Alice Harford: How do I look?
Dr. Bill Harford: Perfect.
Alice Harford: Is my hair okay?
Dr. Bill Harford: It’s great
Alice Harford: You’re not even looking at it.
After the party, Alice, angry at her husband’s smug implication that women have no desires of their own, describes feelings she had during and after looking at a handsome Naval officer when she and Bill had been on vacation. This description unsettles Bill enough to send him on a two-day search to re-affirm his sense of male dominance, a search that involves, among other things, buying (unconsummated) services from a prostitute and intruding on a ritual where the ultra-powerful play out their sexual fantasies with beautiful women in a fabulous mansion called Somerton.
I thought this film would be a good way to continue the discussion of desire and introduce Lacan’s concept of the Gaze, a concept he originally related to the mirror stage:
By viewing himself in the mirror, the subject … begins his entrance into culture and language by establishing his own subjectivity through the fantasy image inside the mirror, an image that the subject can aspire towards throughout his life (a stable coherent version of the self that does not correspond to the chaotic drives of our actual material bodies)…
In his later essays, Lacan complicates this understanding of the narcissistic view in the mirror by distinguishing between the eye’s look and the Gaze. Gaze in Lacan’s later work refers to the uncanny sense that the object of our eye’s look or glance is somehow looking back at us of its own will…
Tim Krieder, in the his review, “Introducing Sociology,” shows that, in Bill’s eyes, women (including his wife) are objects to be bought:
Alice’s real status is unmistakably suggested: the wife as prostitute. She’s identified with the hooker Mandy through a series of parallels: they’re both tall redheads with a taste for numbing drugs, we first see them both in bathrooms, and Mandy’s last night “being f*cked by hundreds of men” is distortedly echoed in Alice’s dream. Alice is also associated with the streetwalker Domino by the purple of her sheets and Domino’s dress, and by their conspicuous dressing-table mirrors (the essential accoutrement of anyone who lives by her looks).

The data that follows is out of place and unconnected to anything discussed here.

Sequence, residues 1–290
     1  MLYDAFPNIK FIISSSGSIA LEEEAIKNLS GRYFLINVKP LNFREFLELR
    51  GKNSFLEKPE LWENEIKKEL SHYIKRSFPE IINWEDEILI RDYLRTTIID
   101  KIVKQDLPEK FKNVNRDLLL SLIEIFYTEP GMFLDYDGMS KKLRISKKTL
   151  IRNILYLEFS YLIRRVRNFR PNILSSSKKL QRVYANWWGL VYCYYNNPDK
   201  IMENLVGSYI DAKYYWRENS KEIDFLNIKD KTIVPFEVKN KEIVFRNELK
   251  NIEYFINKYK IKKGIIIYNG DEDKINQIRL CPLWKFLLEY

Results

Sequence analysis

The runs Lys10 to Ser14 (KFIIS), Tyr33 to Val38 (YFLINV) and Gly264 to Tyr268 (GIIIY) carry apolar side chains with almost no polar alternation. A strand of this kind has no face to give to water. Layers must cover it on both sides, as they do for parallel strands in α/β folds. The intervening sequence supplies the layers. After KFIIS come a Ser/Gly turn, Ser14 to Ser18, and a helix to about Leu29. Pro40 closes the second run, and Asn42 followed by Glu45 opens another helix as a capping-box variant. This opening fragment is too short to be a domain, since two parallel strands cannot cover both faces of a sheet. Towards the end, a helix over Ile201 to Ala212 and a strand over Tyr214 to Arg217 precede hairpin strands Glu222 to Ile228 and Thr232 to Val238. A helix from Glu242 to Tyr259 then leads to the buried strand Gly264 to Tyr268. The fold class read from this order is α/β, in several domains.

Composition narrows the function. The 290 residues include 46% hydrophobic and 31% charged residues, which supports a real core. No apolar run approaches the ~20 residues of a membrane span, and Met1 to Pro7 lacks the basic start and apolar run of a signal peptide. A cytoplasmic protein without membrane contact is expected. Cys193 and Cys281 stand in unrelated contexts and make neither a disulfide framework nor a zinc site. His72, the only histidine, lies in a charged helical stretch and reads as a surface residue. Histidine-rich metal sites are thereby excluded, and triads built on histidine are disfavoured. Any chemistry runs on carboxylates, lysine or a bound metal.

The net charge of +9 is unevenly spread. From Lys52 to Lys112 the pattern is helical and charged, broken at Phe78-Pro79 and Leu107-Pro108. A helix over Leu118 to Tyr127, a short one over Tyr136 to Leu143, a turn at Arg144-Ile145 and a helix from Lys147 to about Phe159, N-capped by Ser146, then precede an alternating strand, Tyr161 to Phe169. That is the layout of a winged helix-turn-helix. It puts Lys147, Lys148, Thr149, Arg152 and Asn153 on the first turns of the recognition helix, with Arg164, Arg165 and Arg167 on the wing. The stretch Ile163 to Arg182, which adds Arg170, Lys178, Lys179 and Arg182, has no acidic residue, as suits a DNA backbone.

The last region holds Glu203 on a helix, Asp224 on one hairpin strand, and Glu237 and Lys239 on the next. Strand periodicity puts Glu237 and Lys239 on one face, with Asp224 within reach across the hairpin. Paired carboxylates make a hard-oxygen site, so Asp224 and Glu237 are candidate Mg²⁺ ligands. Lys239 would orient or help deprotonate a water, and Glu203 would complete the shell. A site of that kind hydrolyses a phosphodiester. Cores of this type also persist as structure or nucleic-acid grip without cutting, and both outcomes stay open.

Bill’s worldview makes Alice’s revelation deeply disturbing:
to come too close to [the object of our desire] threatens to give us the experience precisely of the Lacanian Gaze, the realization that behind our desire is nothing but our lack: the materiality of the Real staring back at us.
Felluga, Dino. 
Padraig Henry, from The Kubrick Corner, points out that, in a movie based on a novel entitled Traumnovelle (“Dream Novel,”) the only dream is “Alice’s dream about Bill’s humiliation. This, like her confession about the Naval officer, is the problematic desire whose exclusion – from the ‘reality’ of the Harfords’ marriage – the film is about.” 
In Bill’s troubled wanderings he comes upon a club where he meets his old friend Nick Nightingale, who had played piano at Ziegler’s party. Nightingale tells him about a gig where he is made to play blindfolded: “And…the last time the blindfold wasn’t on so well… Man… Bill… I have seen one or two things in my life but never… never anything like this… And never such women.”
Bill induces him to give him the address of and password to the Somerton mansion, even after being told that everyone at the mansion is costumed and masked. Although (even at that late hour) he is able to procure the proper attire, he is discovered – he is only saved by a mysterious woman who sacrifices herself to “redeem” him.
In the end, we find that Ziegler had also been at Somerton, and had had Bill followed after his expulsion. He intimidates him to cease looking into what happened to the woman who had saved him (clip here). In the Kubrick Corner link above, Henry points out that:
Ziegler appears to be saying two contradictory things at the same time (a classic double bind): what happened at Somerton was a mere charade, of no consequence; what happened there was enormously, dreadfully important.
Henry analyzes how the Somerton plot relates to Bill and Alice’s Story:
Where do Somerton and Ziegler fit in to this picture? Are they on the side of desire or of ‘society’? Ziegler would ostensibly seem to be on the side of society, the symbolic order, patriarchy: yet he is also something of a Sadean libertine, a repulsive superegoic figure, the classic obscene pervert. He is both the Father who says No (guarantor of the symbolic order) and the Father who enjoys (wrecker of the symbolic). But what is definitively excluded from Ziegler/ Somerton’s desiring-circuit – and from Bill’s? – is female desire. Women only gain entry insofar as they are passive, bought, marginalized, abused.
“Introducing Sociology” brings up another aspect of Ziegler’s explanation: “does it really make a difference whether Mandy was ceremonially executed by some evil cabal or only allowed to O.D. after being gang-banged again?” 
Trivialization of brutal rapes – Where have I heard about that recently?
As Bill says in the clip, “maybe I’m missing something here…”
1. Felluga, Dino. “Modules on Lacan: On the Gaze.” in: Introductory Guide to Critical Theory. Last Update: Jan. 31, 2011.
2. Tim Kreider. “Introducing Sociology: A Review of Eyes Wide Shut.” ©2000 by the Regents of the University of California.
3. Felluga, Dino. “Modules on Lacan…”
4. Padrig Henry. in: “CONVERSATIONS FROM ALT.MOVIES.KUBRICK.” in: The Kubrick Corner, Part 12. 1997 – 2001.
5. Degenerate Times. “Eyes Wide Shut = NEUROTIC view of the world.” In: Youtube.com. Uploaded on Nov 20, 2011.
6-7. Padrig Henry. in: “CONVERSATIONS FROM…”
8. Tim Kreider. “Introducing Sociology…”
9. Carl Gibson. “Patriarchy Dominates Media Steubenville Coverage.” in: The Huffington Post. 03/20/2013 10:57 a.m.